The company’s fourth quarter sales came in at $309.1 million, up 15% from $269.1 million in sales posted last year. On average, analysts were expecting the company to see $307.13 million in revenues for the quarter.
Looking ahead, Brady Corp. sees fiscal 2014 earnings coming in between $1.80 and $2.00 per share, below the analysts’ view of $2.30 per share.
Brady Corp shares were down $1.71, or 5.25%, during early morning trading on Thursday. The stock is up 7.93% year-to-date.
- [By Mike Deane]
For the 28th year in a row, Brady Corp (BRC) has increased its dividend payout to investors.
The Milwaukee, WI-based company increased its quarterly dividend to 19.5 cents from 19 cents, an increase of 2.6%. The annual dividend now stands at 78 cents. The quarterly dividend will be paid on October 31st, 2013 to all shareholders of record on October 10, 2013.
BRC shares were down 40 cents, or 1.23%, by market close on Wednesday. YTD, the company’s stock is down over 4%.
- [By Matthew Briar]
Although the past several years have been very good ones for the cannabis — marijuana and hemp — industry, it’s still mostly being done in an old, artisan-style fashion. Most companies haven’t figured out a way of scaling up their outputs by improving their operating/production efficiency, even though the market’s growth has merited. Radient Technologies Inc (CVE:RTI) represents that next evolution of the cannabinoid business, introducing a new approach to extracting cannabinoids from cannabis plants that will not only improve yields, but create a superior, purer product.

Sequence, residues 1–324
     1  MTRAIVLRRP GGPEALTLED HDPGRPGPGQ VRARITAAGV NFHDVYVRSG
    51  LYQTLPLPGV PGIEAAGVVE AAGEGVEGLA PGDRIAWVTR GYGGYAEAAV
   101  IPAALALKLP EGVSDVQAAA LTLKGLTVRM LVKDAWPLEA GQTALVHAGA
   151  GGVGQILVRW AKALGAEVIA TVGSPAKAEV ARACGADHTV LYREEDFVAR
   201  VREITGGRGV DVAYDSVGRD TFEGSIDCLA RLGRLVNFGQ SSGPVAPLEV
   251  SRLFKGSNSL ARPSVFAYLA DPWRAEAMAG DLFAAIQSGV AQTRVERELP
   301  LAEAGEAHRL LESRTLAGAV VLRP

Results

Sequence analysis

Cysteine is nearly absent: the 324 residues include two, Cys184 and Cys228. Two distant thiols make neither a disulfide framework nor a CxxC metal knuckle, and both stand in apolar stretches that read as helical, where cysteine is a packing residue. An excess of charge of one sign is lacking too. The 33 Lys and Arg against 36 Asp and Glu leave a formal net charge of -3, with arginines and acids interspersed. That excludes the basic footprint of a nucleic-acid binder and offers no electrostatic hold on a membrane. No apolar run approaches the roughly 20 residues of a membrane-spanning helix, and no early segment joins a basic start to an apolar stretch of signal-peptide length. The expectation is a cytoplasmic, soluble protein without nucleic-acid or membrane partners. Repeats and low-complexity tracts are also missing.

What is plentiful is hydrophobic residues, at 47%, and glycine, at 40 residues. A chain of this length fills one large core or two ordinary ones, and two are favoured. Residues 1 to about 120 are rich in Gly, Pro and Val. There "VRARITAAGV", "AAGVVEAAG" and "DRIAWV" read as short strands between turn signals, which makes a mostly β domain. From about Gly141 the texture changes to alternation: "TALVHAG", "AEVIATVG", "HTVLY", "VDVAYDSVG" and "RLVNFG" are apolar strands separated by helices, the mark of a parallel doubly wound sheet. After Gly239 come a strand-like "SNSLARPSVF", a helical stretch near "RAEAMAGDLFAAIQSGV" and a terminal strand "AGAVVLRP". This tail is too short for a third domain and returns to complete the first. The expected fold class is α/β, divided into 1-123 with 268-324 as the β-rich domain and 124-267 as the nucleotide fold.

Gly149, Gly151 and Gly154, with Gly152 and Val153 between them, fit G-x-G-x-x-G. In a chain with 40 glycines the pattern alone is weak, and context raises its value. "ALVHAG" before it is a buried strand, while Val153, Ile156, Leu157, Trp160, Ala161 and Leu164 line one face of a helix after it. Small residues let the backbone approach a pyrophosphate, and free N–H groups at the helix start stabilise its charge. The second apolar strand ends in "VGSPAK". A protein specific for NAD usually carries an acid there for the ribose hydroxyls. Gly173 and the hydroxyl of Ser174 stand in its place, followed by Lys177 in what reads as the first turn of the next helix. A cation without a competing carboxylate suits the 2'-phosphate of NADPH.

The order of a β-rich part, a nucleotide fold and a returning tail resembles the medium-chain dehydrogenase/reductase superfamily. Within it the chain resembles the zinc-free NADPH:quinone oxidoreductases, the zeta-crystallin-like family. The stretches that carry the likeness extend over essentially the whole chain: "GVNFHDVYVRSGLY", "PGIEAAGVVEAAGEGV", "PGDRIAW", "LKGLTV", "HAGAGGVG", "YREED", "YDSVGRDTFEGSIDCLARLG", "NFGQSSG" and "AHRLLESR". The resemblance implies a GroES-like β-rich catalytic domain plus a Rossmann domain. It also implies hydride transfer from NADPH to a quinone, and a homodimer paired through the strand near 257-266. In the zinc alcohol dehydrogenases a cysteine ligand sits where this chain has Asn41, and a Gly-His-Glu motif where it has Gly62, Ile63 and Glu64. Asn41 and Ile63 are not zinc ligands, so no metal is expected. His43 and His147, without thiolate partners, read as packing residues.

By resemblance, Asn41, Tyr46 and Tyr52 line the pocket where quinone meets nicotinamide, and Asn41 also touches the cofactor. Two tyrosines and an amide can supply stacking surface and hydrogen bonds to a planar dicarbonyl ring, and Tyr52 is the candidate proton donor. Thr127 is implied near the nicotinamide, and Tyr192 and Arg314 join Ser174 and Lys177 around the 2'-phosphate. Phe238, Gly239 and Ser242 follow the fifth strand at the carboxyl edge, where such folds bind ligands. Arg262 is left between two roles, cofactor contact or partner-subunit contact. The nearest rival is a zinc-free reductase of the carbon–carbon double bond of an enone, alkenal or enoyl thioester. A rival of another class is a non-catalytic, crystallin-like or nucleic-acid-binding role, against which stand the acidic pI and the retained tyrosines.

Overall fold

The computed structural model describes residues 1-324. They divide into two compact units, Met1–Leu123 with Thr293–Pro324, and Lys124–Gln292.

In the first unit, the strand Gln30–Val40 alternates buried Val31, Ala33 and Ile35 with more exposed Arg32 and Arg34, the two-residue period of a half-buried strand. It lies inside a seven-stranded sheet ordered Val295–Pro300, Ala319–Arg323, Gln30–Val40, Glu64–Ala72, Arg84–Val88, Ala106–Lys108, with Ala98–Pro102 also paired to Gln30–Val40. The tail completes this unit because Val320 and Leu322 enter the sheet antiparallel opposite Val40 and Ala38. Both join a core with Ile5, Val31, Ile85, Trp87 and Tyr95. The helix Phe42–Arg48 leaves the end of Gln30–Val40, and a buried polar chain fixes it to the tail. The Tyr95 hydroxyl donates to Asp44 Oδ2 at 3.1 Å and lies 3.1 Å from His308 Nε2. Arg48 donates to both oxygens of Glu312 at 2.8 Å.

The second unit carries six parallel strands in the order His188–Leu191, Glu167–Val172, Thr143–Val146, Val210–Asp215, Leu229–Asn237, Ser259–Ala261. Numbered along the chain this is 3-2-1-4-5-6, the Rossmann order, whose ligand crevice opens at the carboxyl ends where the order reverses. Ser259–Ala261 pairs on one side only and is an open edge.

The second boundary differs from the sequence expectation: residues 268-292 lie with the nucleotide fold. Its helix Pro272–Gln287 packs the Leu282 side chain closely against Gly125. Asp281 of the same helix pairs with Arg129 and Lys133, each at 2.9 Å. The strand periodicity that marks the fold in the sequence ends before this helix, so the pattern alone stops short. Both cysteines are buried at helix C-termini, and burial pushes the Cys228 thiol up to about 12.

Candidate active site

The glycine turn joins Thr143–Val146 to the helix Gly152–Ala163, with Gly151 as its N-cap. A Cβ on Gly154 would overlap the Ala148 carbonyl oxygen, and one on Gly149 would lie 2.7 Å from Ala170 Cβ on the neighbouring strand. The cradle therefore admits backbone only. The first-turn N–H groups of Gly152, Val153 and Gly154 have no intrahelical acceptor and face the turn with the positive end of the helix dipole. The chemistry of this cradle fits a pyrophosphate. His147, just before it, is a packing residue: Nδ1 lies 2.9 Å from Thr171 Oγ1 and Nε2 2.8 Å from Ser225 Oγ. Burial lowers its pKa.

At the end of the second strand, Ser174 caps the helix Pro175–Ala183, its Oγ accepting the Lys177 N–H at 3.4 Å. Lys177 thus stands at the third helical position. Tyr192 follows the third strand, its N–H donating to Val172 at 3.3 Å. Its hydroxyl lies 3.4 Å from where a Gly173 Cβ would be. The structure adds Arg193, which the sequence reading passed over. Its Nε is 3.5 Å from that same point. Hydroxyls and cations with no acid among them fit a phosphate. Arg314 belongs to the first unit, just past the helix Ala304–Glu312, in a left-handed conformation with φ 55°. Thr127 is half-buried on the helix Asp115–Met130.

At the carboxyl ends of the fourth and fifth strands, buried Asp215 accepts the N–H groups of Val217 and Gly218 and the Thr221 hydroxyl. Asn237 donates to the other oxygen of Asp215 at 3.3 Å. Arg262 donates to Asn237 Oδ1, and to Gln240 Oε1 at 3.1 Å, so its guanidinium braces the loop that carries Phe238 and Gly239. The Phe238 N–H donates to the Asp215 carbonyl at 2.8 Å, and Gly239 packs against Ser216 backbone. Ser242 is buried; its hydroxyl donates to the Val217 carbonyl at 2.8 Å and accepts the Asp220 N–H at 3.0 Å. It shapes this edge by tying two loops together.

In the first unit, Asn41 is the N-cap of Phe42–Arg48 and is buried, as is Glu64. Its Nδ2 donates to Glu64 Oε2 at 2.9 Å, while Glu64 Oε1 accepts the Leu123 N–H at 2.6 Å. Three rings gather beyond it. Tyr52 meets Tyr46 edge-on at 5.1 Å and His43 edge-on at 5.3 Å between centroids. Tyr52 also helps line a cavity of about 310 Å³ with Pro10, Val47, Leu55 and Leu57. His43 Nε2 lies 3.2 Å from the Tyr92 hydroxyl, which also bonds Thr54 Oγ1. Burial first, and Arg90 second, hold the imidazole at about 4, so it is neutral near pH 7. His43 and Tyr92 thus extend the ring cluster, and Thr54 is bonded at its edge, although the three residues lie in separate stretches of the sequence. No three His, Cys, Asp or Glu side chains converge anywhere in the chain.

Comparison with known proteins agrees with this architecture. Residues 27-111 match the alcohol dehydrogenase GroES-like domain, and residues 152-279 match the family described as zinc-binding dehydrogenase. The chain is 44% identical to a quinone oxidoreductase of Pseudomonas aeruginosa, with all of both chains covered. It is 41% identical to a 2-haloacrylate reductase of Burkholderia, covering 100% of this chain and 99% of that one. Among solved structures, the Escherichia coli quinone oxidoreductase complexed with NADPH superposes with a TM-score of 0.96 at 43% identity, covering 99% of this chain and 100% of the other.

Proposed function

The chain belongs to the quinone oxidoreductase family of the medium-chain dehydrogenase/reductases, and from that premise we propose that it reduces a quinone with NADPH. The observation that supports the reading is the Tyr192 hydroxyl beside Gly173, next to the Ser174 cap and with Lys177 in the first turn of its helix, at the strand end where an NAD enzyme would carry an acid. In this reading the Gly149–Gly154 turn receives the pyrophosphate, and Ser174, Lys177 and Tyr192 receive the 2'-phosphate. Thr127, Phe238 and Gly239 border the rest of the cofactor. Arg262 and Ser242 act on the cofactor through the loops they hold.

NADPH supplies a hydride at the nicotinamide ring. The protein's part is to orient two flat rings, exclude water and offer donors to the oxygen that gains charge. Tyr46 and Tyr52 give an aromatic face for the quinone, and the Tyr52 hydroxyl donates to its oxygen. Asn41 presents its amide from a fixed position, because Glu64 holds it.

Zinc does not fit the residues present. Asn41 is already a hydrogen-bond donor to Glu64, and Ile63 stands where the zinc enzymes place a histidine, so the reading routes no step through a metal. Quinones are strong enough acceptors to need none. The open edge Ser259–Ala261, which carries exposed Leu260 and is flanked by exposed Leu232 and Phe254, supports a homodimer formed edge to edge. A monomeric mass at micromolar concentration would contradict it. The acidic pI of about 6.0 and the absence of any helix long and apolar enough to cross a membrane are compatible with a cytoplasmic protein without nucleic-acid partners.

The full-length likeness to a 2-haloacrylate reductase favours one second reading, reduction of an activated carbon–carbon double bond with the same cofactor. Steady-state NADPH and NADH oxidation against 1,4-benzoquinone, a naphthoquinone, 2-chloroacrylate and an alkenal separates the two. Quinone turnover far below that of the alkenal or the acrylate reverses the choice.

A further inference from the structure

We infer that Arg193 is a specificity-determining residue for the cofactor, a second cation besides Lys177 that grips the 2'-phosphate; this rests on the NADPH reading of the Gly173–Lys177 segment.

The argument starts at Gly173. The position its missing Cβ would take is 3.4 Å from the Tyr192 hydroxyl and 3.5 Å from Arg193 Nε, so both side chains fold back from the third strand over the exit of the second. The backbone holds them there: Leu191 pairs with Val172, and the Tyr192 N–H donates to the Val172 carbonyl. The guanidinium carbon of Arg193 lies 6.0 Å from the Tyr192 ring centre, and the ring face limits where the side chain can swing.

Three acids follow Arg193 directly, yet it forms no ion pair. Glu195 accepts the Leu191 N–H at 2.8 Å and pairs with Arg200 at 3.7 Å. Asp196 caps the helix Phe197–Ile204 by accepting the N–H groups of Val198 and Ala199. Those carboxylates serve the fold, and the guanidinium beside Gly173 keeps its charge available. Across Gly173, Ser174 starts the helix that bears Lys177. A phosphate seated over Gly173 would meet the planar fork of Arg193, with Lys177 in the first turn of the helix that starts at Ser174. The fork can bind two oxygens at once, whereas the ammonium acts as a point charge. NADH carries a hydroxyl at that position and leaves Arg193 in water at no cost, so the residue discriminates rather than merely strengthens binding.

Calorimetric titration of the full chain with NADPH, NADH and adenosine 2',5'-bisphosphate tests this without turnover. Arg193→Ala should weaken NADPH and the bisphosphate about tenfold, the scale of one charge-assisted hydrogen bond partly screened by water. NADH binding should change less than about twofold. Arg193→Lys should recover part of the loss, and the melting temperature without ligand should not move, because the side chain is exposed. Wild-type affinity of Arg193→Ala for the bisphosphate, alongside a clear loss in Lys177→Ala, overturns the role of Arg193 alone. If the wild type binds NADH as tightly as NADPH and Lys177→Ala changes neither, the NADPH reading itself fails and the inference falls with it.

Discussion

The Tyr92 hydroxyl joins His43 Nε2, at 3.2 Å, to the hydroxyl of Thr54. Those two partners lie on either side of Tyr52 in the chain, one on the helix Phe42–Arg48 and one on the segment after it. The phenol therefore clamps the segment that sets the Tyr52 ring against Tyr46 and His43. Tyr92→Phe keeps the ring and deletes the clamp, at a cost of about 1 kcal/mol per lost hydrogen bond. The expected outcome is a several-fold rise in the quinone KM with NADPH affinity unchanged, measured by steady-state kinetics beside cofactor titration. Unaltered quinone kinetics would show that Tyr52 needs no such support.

Canada-based Radient Technologies has developed — and patented – an ingredient-extraction process called microwave assisted processing, or “MAP,” for short. As the name implies, the use of radio microwaves helps the extraction process along. To fully appreciate why it matters, however, one has look at the approach other ingredients suppliers are utilizing now.
With current approaches to create ingredients from an appropriate source, the material with the target compound or molecule in it is soaked in a solvent, heated to 50 degrees Celsius (or more), and over the course of several hours, the desired ingredient diffuses into the solvent. After filtration, drying, and other processing, that ingredient is finally isolated and then collected.
It works, but it’s hardly ideal. Aside from the fact that this technique doesn’t work very well at large scale, yields are relatively low. Worse, a lot of things you don’t want to extract can still be found in the extract, lowering the quality and purity of the ingredient.
Radient Technologies’ microwave assisted processing changes all of this.
Using its patented MAP process, Radient is able to selectively deposit microwave energy into a biomass (source material) and heat the target elements while leaving other materials in the mix unaltered. The near-instantaneous “in-core” heating that occurs creates pressure which